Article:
- Be strong in your faith and recognize what the fight truly is. It might feel goofy, but prayer is your best weapon. It’s the best way to keep up your spiritual strength. Our fight isn’t against people, not at the end of the day or at the end of all time. It’s against the Prince of This World, Satan, the Devil, the guy with the horns, whatever you want to call him. Him and his demons. So you need to get spiritually fit if you’re really going to wage this battle. Because it will never end until the end. Our job is to carry the torch and pass it to the next generation of warriors.
- Recognize that evil exists. Because it does. This is also directed at my friends who are not believers but are similarly aghast at Clown World. Evil is why we are where we are. Evil isn’t God’s doing. Evil is the absence of good, the moving away from good. And it’s done by man’s free will. Recognize this and exercise your free will to life towards the one thing that can counteract this evil (whether or not you believe in it yet).
- Don’t accept the frame you’ve been given and punch back. This is important! Don’t fall into the traps the smarmy wormtongues set for you. Reject the “Well, some Christians are like that” mentality utterly and completely. Instead, punch back: “Well, some Muslims are terrorists, aren’t they? Some African-Americans commit violent crime, don’t they? Some Jews are in media, aren’t they?” Make them choke on their own words. This isn’t to cast aspersions on Muslims, African-Americans, or Jews. It’s to throw the Pharisees you might find yourself arguing with off their game by confronting them with the utter stupidity of their own arguments. Use rhetoric to hit them where it hurts–their own sense of “being a good person.” Additionally, when faced with the “Hypocrite!” charge, reply that “At least [person involved] has standards and isn’t a degenerate relativist” or something to that effect.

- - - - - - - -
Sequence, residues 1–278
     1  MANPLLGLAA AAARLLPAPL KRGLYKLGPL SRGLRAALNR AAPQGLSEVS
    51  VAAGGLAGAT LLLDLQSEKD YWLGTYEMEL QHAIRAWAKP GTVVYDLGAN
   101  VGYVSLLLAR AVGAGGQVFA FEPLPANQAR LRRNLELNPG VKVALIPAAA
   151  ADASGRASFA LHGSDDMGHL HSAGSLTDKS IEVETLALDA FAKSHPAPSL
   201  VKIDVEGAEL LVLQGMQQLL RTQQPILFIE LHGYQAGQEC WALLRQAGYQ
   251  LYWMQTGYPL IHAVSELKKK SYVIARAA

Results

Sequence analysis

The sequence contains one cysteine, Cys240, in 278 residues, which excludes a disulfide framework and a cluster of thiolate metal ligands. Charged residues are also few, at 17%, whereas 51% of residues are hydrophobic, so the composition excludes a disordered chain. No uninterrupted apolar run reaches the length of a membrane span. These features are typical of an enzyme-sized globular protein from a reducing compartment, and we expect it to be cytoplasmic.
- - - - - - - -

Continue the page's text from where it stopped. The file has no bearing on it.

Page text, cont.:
- Don’t give money to people who hate you. I’ll let Brian Neimeier really handle this one–he wrote the book on it, after all. I’ll give a succinct rundown though: if an entertainment product is insulting you and your faith and your very being, cut it out of your life and replace it with alternatives. They are out there, and more numerous and easy to find than ever before. This dovetails nicely into the next point.
- Infiltrate institutions. “Indoctrination” isn’t a dirty word. It all depends on who is doing it and what are they teaching. Our side of this struggle needs to put away its aversion to certain professions as unworthy, and this doesn’t just include art but education. Don’t discourage your kids from being teachers or policy makers or even working in HR. We need them in there in critical mass to balance out and eventually take over.
- Create your own culture, and support the creation of cultire that does stand up for your beliefs, or at least doesn’t actively hate you. If you’re an artist of any type–film, prose, music, poetry, filmmaking, acting, animation, game–get out there and make stuff. Release it. Don’t let the perfection beast, or fear of criticism from people who aren’t going to like you anyway, keep you from putting your vision out there. There’s an audience out there thirsty for good stuff. Trust me. And if you’re not a creator, support. Buy. Fund via crowdfunding campaigns. Become a Patron. Even just reviewing–on Amazon or on your own social media platform–and spreading the word are free to low-cost ways of getting in the mix.
- Organize and boycott. I do not find boycotting to be “un-American” like a lot of basic conservabros do. Nope, not at all. Apply pressure. Organize email campaigns, organize boycotts, and vote with your collective wallets. This is what other social movements have done in the past, and they work. No more of this “Muh principles!” fence-sitting. Fight fire with fire. Hell, I’m no expert but if something comes up shoot me an email and let me know. Maybe we can figure something out.
- Enjoy the battle. This fight will never end. There will be losses, but there will also be victories. Celebrate the wins and keep going. Morale is important, so don’t spread despair. Blackpilling does nobody any good.
Remember: we’re not necessarily here to convert people–although if they want to convert, great! We’re here to occupy space that we’ve been shut out of for so long. Why have we been shut out? Because we’ve refused to fight for fear of being called mean names.
How pathetic is that?
Support independent culture creation that occupies the sci-fi and fantasy space. Still only 99¢ for an ebook download until the end of the month. Buy it here!
This is Part 4 of NortherWild‘s 7 posts in 7 days challenge.